This is an image of the Mars '98 spacecraft being prepared for launch.
Click on image for full size
An Overview of the Mars '98 mission
The Mars '98 mission was supposed to study the climate, weather, and surface at the Martian south pole. Mars '98 was to build upon the discoveries of the Mars Pathfinder
and Mars Global Surveyor
missions by digging into the Martian surface in search of water
The south pole of Mars is an important region because of the unusual types of land there, including icy ground and giant sand dunes.
The region is possibly important to the overall weather and climate of Mars.
Mars '98 consisted of two spacecraft. The first one was a lander called the Martian Polar Lander. This one should have landed on the surface of Mars and dug into the soil with a robot arm. The second one would have remained in orbit around Mars. This one was called the Martian Climate Orbiter.
Unfortunately, both spacecraft were lost during the mission. A math error caused the orbiter to burn up in Mars' atmosphere. Contact with the lander was lost on December 3, 1999. The spacecraft has not been heard from again and no reason for the loss of signal is known.
Shop Windows to the Universe Science Store!
Our online store
includes issues of NESTA's quarterly journal, The Earth Scientist
, full of classroom activities on different topics in Earth and space science, ranging from seismology
, rocks and minerals
, and Earth system science
You might also be interested in:
The goal of the Mars Pathfinder (MPF) mission was to analyze the rocks and soil of Mars. The MPF was actually 2 parts, a lander and a rover. The lander stayed right where it landed while the rover named...more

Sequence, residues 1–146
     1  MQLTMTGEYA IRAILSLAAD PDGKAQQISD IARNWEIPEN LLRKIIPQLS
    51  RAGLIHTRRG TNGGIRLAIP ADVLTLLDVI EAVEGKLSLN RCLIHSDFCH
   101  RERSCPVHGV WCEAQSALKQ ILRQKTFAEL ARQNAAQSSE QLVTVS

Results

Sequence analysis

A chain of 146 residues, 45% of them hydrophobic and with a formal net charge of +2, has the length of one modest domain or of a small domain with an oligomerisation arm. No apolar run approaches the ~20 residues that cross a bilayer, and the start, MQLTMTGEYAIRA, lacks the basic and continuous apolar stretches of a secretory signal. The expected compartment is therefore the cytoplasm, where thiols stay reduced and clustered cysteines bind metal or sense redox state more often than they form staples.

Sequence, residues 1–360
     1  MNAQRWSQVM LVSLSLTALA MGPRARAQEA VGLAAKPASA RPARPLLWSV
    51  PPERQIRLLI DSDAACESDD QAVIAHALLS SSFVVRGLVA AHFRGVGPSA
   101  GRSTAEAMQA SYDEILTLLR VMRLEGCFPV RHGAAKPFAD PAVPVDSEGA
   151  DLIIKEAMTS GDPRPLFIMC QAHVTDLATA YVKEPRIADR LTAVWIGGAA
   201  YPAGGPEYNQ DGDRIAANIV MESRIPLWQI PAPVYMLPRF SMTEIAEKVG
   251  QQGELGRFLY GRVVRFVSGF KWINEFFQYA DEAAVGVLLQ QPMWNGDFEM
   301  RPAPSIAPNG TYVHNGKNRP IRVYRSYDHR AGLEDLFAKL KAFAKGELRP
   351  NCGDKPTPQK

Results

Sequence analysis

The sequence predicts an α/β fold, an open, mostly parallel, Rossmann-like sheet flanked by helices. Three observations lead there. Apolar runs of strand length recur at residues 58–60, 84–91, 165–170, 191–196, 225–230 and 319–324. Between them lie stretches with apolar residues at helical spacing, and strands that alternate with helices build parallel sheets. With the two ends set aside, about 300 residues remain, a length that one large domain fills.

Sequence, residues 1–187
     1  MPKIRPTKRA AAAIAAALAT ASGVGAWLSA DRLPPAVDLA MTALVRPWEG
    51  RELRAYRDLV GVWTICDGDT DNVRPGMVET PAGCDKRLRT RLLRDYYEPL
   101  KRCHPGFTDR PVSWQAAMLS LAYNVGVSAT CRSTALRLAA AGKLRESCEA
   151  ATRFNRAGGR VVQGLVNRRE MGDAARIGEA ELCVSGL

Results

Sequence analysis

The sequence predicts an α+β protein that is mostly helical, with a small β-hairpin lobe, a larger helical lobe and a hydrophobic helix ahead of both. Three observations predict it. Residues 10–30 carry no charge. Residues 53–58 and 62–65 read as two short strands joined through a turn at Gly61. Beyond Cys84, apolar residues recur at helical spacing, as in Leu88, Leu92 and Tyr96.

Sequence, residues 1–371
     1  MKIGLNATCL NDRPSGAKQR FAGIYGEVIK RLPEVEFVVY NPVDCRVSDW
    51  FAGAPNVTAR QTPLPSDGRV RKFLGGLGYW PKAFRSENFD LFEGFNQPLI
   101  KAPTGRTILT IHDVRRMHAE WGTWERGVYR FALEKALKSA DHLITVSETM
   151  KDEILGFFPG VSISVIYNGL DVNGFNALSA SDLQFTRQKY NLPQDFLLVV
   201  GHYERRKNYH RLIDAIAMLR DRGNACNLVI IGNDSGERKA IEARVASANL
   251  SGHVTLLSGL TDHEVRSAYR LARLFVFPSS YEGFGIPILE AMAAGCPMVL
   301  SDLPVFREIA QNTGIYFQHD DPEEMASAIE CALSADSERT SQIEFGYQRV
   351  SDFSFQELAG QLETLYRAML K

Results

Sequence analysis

The Mariner 7 spacecraft took the first pictures of the South Pole of Mars. The south polar region is part of the highlands of Mars. The southern highlands of Mars are mostly old, cratered terrain and...more
Just when everyone had given up hope, a faint signal was received at Stanford University. Scientists say it most likely came from Mars, although they won't know for sure until later this week. The signals...more
A panel made up of aerospace experts studied NASA's recent ventures into space, including the Mars Climate Orbiter and Polar Lander. The results of the study aren't very friendly to the NASA organization....more
Unlike the Earth, where clouds are found around the entire globe, on Mars, clouds seem to be plentiful only in the equatorial region, as shown in this Hubble telescope image. This may be because water...more
Because of the failure of the Mars Observer (MO), NASA planned a new Mars Surveyor Program. The Surveyor Program was designed to explore all of the things the MO was suppose to, and a lot more. The Surveyor...more
The Mars Odyssey was launched April 7, 2001, from Florida. After a six-month, 285 million-mile journey, the Odyssey arrived at Mars on October 24, 2001. The Odyssey is in its aerobraking phase right now....more